Composed of solid muscle and endowed with extraordinary skeletal support, the prehensile tail is amazingly strong. Indeed, large specimens have a grip like an anaconda, and when a 12-inch ingens or abdominalis wraps its tail around your hand and tightens its hold, its vise-like grip is powerful enough to leave you counting your fingers afterwards!

In fact, it can be quite difficult to remove an attached seahorse from its holdfast without injuring it in the process. Never attempt to forcibly detach a seahorse from its hitching post! When it feels threatened, it’s instinct is to clamp down and hold on all the tighter. When you must dislodge a seahorse from its resting place for any reason, it’s best to use the tickle technique instead. Gently tickling the underside of the tail where it’s wrapped around the object will usually induce the seahorse to release its grip (Abbott, 2003). They don’t seem to like that at all, and will quickly let go to move away to another spot. Once they are swimming, they are easy to handle.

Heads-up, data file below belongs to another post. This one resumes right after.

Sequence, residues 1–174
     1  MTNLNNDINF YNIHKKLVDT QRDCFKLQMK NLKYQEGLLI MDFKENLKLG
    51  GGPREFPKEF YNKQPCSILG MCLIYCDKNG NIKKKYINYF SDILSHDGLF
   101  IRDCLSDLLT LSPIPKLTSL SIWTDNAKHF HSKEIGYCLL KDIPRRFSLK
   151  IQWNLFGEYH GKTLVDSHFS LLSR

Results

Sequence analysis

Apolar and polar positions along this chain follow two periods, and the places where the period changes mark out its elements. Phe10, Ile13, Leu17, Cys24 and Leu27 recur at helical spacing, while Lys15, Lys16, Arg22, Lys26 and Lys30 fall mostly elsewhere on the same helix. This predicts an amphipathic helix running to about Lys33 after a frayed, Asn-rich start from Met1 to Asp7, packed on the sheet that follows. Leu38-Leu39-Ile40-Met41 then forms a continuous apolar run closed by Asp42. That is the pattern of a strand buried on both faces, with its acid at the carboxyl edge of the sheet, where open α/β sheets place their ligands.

Okay, that’s the quick rundown on using methylene blue to reverse the formation of methemoglobin in the red blood cells and to relieve the resulting respiratory distress, Tom.

Best wishes with all your fishes, sir.

Pete Giwojna, Ocean Rider Tech Support